Only Turkey is worse

This week's issue of Science includes the results of a survey that doesn't exactly provide cause for celebration. LiveScience has a preview for those averse to reading journal papers:

A comparison of peoples' views in 34 countries finds that the United States ranks near the bottom when it comes to public acceptance of evolution. Only Turkey ranked lower.

Only Turkey. Sigh.

The meta-survey found:

A dichotomous true-false question format tends to exaggerate the strength of both positions. In 1993 and 2003, national samples of American adults were asked about the same statement but were offered the choice of saying that the statement was "definitely true, probably true, probably false, definitely false," or that they did not know or were uncertain. About a third of American adults firmly rejected evolution, and only 14% of adults thought that evolution is "definitely true." Treating the "probably" and "not sure" categories as varying degrees of uncertainty, ~55% of American adults have held a tentative view about evolution for the last decade.


Regardless of the form of the question, one in three American adults firmly rejects the concept of evolution, a significantly higher proportion than found in any western European country.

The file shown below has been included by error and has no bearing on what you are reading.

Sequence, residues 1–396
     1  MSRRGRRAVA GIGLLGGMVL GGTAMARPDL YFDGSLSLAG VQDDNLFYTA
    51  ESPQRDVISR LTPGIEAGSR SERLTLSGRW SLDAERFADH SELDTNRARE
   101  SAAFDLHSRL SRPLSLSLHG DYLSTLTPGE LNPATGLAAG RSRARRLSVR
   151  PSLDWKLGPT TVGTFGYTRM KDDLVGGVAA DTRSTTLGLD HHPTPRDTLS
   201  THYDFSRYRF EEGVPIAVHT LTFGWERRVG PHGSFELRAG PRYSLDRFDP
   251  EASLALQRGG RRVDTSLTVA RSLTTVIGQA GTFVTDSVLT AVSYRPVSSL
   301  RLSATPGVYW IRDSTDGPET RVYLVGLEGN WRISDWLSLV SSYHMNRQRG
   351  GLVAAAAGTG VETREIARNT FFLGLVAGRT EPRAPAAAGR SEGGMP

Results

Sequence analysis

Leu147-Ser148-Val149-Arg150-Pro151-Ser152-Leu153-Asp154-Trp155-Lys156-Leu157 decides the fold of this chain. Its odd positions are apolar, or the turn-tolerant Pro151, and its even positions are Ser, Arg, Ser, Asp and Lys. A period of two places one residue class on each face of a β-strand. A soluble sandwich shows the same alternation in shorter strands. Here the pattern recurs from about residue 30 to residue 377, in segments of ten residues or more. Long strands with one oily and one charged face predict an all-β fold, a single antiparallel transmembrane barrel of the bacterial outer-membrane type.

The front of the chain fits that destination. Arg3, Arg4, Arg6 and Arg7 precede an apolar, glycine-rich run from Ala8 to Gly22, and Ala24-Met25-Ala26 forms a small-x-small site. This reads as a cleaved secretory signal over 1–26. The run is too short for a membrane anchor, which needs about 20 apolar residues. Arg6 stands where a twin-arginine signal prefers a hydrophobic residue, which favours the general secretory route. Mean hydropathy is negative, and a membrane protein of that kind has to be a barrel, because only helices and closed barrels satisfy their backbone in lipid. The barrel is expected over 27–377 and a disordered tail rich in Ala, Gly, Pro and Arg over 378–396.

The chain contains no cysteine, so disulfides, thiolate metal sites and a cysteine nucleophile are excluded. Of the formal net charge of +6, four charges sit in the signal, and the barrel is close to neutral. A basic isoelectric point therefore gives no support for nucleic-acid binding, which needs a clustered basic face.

Another sigh.

These results should be troubling for science educators at all levels. Basic concepts of evolution should be taught in middle school, high school, and college life sciences courses and the growing number of adults who are uncertain about these ideas suggests that current science instruction is not effective. Because of the rapidly emerging nature of biomedical science, most adults will find it necessary to learn about these new concepts through informal learning opportunities. The level of adult awareness of genetic concepts (a median score of 4 on a 0-to-10 scale) suggests that many adults are not well informed about these matters. The results of the SEM indicate that genetic literacy is one important component that predicts adult acceptance of evolution.

The politicization of science in the name of religion and political partisanship is not new to the United States, but transformation of traditional geographically and economically based political parties into religiously oriented ideological coalitions marks the beginning of a new era for science policy. The broad public acceptance of the benefits of science and technology in the second half of the 20th century allowed science to develop a nonpartisan identification that largely protected it from overt partisanship. That era appears to have closed.


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bwaha ha... our plan is working perfectly. (z. smiles approvingly and begins scheming for next facet of plans) Creationists taking over... ha ha..

Ok, just kidding. Hey, give us a chance to gloat for a few hours at least. :)